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Hydrogen Fueling Station

Note: EPA no longer updates this information, but it may be useful as a reference or resource.

EPA provided fueling to the Fuel Cell Delivery Vehicle Testing Program and others at the hydrogen fueling station installed at EPA’s National Vehicle and Fuel Emissions Laboratory in Ann Arbor, Michigan. The Lab was the first U.S. federal facility to introduce hydrogen fueling capability.

During the duration of the Partnership (May 2003 through November 2006), EPA leased the hydrogen fueling equipment from Air Products and Chemicals, which installed and maintained the facility. This station was the primary source of fueling for the UPS fuel cell Sprinter vehicle in its daily package delivery operation. EPA also made the station available to other vehicle manufacturers who were testing or operating fuel cell and hydrogen vehicles in the vicinity.

Safety and Security Analysis: Investigative Report by NASA on Proposed EPA Hydrogen-Powered Vehicle Fueling Station"
EPA420-R-04-016, October 2004
480K PDF (34 pages)
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In designing and installing the facility, EPA consulted with the National Aeronautics and Space Administration (NASA) for specific safety and security recommendations. NASA’s study led to a number of design elements to minimize the effects of any accidental or intentional releases of hydrogen fuel.

The station installed for the Partnership program was a liquid hydrogen based system. The facility stored up to 1500 gallons of liquid hydrogen, which would be vaporized and compressed to about 6000 pounds per square inch (about 400 bar). The station stored up to about 40 kilograms of high-pressure hydrogen. The dispensing system delivered compressed hydrogen to vehicles at 5000 pounds per square inch (about 350 bar).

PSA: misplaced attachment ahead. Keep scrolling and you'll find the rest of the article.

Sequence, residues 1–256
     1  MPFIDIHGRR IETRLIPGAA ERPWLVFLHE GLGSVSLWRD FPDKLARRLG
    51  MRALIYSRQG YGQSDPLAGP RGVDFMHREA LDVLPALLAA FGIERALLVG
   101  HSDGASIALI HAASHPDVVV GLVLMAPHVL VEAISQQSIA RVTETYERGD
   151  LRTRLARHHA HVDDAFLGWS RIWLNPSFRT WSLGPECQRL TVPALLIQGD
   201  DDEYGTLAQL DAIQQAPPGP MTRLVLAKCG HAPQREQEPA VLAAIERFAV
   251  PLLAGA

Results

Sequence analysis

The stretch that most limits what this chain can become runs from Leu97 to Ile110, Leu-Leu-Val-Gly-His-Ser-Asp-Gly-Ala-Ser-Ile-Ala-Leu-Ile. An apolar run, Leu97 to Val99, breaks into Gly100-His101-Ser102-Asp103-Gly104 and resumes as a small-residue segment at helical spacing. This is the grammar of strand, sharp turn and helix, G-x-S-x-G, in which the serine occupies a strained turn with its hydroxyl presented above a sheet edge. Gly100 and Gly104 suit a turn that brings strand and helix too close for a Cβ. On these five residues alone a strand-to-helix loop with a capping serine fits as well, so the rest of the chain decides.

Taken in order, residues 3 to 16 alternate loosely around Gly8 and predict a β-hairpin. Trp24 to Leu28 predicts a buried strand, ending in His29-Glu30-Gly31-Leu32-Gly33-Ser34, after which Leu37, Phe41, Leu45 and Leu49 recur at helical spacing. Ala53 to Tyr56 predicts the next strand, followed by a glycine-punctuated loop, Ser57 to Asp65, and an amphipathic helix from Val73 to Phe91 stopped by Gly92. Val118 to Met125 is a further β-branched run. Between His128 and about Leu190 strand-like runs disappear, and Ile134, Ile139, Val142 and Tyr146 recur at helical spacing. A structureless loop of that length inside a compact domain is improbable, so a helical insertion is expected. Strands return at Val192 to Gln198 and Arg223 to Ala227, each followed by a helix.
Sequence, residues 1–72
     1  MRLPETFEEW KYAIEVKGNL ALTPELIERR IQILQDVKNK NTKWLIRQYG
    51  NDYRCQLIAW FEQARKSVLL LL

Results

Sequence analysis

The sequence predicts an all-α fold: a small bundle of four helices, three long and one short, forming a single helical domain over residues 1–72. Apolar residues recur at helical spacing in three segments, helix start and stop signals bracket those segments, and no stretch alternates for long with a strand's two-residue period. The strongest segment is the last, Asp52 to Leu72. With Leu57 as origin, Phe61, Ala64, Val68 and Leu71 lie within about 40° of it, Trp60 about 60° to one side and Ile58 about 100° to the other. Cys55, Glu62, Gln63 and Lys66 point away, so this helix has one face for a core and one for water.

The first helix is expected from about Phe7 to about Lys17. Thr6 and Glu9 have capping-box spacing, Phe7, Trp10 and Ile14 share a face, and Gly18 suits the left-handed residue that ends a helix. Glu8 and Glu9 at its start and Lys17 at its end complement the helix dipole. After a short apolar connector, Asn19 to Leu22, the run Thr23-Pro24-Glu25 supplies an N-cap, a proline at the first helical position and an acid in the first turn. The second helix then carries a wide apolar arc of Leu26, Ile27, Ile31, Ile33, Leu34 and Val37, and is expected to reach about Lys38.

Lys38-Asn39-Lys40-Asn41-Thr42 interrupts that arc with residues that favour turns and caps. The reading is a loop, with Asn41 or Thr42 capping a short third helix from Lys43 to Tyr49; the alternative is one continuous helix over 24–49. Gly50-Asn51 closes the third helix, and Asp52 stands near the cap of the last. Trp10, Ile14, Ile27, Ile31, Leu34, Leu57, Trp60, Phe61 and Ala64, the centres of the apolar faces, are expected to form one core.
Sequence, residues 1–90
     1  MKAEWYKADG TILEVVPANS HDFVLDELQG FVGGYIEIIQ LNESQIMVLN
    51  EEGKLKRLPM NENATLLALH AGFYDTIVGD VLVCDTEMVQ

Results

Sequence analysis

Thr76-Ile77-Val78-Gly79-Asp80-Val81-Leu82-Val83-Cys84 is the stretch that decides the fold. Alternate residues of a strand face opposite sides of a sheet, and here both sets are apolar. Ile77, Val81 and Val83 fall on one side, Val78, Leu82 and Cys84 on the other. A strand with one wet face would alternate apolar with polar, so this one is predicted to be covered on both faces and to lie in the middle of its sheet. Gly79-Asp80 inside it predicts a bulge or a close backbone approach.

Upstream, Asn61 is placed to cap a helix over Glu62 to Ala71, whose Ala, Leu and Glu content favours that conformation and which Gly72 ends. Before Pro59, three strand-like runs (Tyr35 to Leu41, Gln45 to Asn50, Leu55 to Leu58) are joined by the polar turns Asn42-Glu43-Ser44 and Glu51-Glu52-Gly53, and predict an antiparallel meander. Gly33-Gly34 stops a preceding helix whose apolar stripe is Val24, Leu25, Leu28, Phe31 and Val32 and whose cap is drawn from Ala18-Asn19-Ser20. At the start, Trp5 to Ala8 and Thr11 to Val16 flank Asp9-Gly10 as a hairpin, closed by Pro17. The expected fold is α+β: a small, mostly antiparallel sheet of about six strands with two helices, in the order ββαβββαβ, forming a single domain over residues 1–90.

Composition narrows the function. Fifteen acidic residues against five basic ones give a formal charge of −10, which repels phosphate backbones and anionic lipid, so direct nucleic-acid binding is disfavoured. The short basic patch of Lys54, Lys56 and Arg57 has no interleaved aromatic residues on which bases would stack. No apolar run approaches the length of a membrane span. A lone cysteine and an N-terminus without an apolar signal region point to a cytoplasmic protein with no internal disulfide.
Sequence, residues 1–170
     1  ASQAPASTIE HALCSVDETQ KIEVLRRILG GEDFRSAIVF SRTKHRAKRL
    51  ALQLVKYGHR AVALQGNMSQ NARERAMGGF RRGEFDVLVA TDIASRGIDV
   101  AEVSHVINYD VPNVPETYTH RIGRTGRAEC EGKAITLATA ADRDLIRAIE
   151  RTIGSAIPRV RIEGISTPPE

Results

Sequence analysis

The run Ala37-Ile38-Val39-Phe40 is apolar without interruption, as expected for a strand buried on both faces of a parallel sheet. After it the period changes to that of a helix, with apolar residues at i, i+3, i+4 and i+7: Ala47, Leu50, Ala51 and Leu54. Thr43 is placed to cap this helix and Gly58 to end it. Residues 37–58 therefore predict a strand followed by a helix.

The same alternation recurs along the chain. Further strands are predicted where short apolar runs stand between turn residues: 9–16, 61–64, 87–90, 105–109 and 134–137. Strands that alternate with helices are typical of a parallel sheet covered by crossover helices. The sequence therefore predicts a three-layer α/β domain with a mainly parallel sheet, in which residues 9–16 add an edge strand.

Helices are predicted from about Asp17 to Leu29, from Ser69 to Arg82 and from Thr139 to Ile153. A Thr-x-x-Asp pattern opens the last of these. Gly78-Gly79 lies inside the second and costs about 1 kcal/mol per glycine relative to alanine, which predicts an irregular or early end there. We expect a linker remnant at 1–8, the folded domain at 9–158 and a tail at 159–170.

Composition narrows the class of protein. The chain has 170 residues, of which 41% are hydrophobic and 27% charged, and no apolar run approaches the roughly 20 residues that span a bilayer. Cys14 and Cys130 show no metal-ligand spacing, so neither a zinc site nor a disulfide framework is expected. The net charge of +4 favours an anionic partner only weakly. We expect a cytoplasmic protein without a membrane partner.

Operating the station clearly demonstrated that hydrogen infrastructure is still in the development stage, and that technological improvements will continue to be necessary before widespread commercialization of hydrogen fueling becomes a reality. Although the station maintained a high level of availability, failures in each of the systems of the station were more frequent than expected. Fortunately, only a few of these failures resulted in the need to briefly suspend fueling services. All failures were carefully evaluated by EPA and Air Products, and we took necessary corrective actions in each case. In several cases, hardware and system improvements made at the EPA station have been adopted at other fueling stations around the country, including dispenser hose leak guards, enhanced software controls, improved alarms, and improved preventive maintenance procedures.

At the conclusion of the Partnership, EPA’s contractor removed the hydrogen fueling equipment for use at other locations.

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